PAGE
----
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 ADVANCED
Bridge Wall North (Practice Rock)
Routes Sorted
L to R R to L Alpha
Practice Rock TR 
Safety in Numbers T,TR 
US 34 Bypass T,TR 
Unsorted Routes:

Practice Rock 

YDS: 5.6 French: 4c Ewbanks: 14 UIAA: V ZA: 12 British: S 4b

   
Type:  TR, 1 pitch, 70'
Consensus:  YDS: 5.9 French: 5c Ewbanks: 17 UIAA: VI ZA: 17 British: HVS 5a [details]
FA: don't know
Page Views: 1,076
Submitted By: Gary Schmidt on Mar 4, 2003

You & This Route  |  Other Opinions (9)
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Practice Rock.

Description 

Amidst all the crud and loose rock that makes more for nice tourist views than safe rock climbing is this gem of a rock (the rock is somewhat orange in color). This rock is immediately west of the crack climb described in Gillett's book and just east of Half Pipe. Solid and varied is the name of the game. From one top rope anchor, one can pretty much choose the difficulty based on line. There is a bit of everything, so perhaps that is why "Practice Rock" is an appropriate name. Only thing you have to put up with, particularly in the summer is the constant traffic, and a few camera shutters going off. Have fun!

Protection 

There are two recent bolts set up and back above the climb. Approach via the gully just to the west and then do a somewhat exposed traverse across to the bolts. Long slings (in order to reach the main cliff) may be helpful depending on your anchor building style.


Photos of Practice Rock Slideshow Add Photo
Jason finding his way up Practice Rock.
Jason finding his way up Practice Rock.
Gary on Practice Rock.
Gary on Practice Rock.
Gary stemming up Practice Rock.
Gary stemming up Practice Rock.
Roadside Attraction.
Roadside Attraction.

Comments on Practice Rock Add Comment
Show which comments
By Travis R. Thompson
From: Parachute (Rifle), CO
Sep 2, 2006
rating: 5.9 5c 17 VI 17 HVS 5a

Hey, I was just wondering why has no one bolted the practice slab so that you could lead it? I personally have had to wonder for some time now. I have top-roped all over the face many times and have also noticed that the three most obvious lines that could be bolted are those that are highlighted in the picture. I think that all three of these would be great lines and would personally love to see them bolted because of their exceptional quality. I think it would be hard to argue that they would not be some of the better climbs in the canyon. Just my thoughts wondered what other were thinking?
By allen simons
Sep 3, 2006

These have been top rope climbs for a long time. I have not bolted them because it seems more of a "practice wall" and bolting them has seemed out of place to me. al
By Travis R. Thompson
From: Parachute (Rifle), CO
Sep 11, 2006
rating: 5.9 5c 17 VI 17 HVS 5a

Hey Allen could you expound on what you mean by out of place. I'm not sure I understand what you mean?
Also, does anyone else have any opinions?
By allen simons
Sep 12, 2006

Before I offer my opinion let me say this. I will never tell someone what they should or should not bolt. That being said, to me, "out of place" means that this wall has been scaled numerous times going back long before I ever set foot in the canyon back in the early '90s. It has always been a toprope wall or led on scarce gear. The central crack and left side of the wall will take gear if you work at it and have most probably been led by Disney, Kor, Wilford, or one of the many other climbers to first climb in the area. Bolting there, to me, seems a disservice to the first ascensionist. The right side is harder and may not have ever had a first non-toprope ascent, but it has been TR'd hundreds of times, and bolting an established TR climb seems out of place. For those reasons, I prefer to keep it a "practice rock" or toprope area. As an example, there is another rock in the canyon that I bolted extensively back in '94-'96 that has some fine routes on it. I was younger and full of myself and did not even think someone may have climbed it before me. I found out later that a good portion of it had, in fact, been climbed and toproped by an earlier generation. For me, when I learned of this from the original first ascensionist, I felt bad, although the first ascensionist never make me feel that way and seemed to think the bolts were ok. Like I said however. I won't tell anyone what to bolt.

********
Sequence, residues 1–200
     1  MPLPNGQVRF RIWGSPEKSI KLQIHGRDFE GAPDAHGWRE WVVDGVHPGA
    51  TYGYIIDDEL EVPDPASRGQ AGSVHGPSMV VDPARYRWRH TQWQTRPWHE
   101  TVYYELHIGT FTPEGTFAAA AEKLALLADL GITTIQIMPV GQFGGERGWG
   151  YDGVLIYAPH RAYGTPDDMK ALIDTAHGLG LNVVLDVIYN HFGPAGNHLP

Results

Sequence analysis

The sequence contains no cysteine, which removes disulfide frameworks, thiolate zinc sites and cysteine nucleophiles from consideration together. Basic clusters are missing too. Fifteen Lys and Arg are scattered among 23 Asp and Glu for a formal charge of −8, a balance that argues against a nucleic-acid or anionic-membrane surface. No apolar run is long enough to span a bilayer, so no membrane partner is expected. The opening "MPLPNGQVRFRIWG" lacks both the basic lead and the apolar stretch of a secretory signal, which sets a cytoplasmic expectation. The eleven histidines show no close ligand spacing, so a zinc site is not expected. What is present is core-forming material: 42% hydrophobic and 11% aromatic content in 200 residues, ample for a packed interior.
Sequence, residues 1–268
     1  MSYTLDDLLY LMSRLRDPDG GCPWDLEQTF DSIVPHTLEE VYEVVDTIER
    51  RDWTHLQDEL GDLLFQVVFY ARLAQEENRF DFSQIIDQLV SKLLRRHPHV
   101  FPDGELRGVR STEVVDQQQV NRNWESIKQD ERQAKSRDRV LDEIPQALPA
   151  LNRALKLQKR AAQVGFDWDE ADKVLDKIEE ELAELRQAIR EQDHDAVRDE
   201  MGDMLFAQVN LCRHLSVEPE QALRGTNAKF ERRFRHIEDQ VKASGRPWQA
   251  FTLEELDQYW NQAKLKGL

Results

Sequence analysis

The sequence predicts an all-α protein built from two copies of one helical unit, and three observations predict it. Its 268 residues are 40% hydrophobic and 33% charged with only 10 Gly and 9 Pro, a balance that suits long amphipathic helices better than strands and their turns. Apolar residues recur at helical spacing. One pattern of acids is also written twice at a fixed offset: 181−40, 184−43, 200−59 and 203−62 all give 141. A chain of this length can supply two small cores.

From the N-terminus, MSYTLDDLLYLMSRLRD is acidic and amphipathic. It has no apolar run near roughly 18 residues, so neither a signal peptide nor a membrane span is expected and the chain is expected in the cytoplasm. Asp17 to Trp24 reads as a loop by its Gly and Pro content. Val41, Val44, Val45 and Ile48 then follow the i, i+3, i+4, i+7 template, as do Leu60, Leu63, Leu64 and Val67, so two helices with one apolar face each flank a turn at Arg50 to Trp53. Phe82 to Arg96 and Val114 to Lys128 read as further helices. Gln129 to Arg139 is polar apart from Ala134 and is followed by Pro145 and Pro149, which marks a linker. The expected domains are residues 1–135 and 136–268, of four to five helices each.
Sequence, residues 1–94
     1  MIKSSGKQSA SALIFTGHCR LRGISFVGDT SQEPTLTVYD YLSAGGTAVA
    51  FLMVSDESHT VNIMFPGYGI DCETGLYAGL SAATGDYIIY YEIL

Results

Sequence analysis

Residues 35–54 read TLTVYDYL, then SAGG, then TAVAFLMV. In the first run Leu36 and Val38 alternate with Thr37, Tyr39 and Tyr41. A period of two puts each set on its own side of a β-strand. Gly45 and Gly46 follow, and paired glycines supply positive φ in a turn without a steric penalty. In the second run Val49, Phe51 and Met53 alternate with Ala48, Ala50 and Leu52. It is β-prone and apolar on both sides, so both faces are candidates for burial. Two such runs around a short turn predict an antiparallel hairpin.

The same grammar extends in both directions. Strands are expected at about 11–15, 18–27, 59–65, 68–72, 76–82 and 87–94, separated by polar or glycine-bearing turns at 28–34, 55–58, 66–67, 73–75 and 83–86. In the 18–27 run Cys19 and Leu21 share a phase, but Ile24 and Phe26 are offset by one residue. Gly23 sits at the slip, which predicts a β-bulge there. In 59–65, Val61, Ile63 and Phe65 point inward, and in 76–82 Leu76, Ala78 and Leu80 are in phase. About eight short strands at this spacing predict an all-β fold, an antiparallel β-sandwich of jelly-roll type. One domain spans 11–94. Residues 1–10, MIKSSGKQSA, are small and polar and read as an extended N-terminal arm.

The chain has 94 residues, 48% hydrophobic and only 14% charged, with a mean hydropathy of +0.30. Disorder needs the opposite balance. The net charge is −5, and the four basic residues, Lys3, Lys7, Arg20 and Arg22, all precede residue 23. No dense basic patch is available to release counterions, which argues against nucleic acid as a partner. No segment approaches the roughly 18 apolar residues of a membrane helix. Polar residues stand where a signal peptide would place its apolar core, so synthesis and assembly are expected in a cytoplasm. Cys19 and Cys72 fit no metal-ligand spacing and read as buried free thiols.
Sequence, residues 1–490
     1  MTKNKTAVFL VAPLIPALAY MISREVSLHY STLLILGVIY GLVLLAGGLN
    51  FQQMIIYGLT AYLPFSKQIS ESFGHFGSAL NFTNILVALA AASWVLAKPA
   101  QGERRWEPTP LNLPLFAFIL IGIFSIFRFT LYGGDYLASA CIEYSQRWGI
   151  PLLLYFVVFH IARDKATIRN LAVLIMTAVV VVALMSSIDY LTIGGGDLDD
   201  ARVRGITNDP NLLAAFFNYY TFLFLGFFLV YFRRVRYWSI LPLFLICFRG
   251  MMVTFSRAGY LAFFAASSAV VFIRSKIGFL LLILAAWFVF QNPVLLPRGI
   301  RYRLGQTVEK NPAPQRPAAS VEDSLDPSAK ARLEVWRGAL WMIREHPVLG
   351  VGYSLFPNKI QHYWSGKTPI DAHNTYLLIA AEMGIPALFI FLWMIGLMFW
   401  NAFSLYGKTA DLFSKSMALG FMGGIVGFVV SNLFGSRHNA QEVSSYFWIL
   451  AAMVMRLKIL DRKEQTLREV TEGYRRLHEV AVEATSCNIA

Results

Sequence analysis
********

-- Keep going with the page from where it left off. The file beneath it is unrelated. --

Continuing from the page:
Cheers.
By Travis R. Thompson
From: Parachute (Rifle), CO
Sep 13, 2006
rating: 5.9 5c 17 VI 17 HVS 5a

Hey, Allen, I have been thinking a lot about what you meant by, "out of place." It finally dawned on me, and what you had to say about the disservice to the first climbers is totally true, I couldn't agree more and hadn't really thought about that aspect before. I also wanted to say thank you for your story about your own bolting, it really had a lot to say to me personally. I have realized more and more that bolting and establishing new climbs is not something to be taken lightly. All aspects need to be very very well thought out, probably, dare I say it, discussed with others in the climbing community before any bolting is even considered. It's definitely not something that you should do to get your name out there. The name that you throw out will undoubtably take on the qulity of your climbs. Thanks a ton for your comments and insight!


Travis
By allen simons
Sep 14, 2006

No Problemo, man. I have established several new climbs in the last year, have you had a chance to climb any of them? Al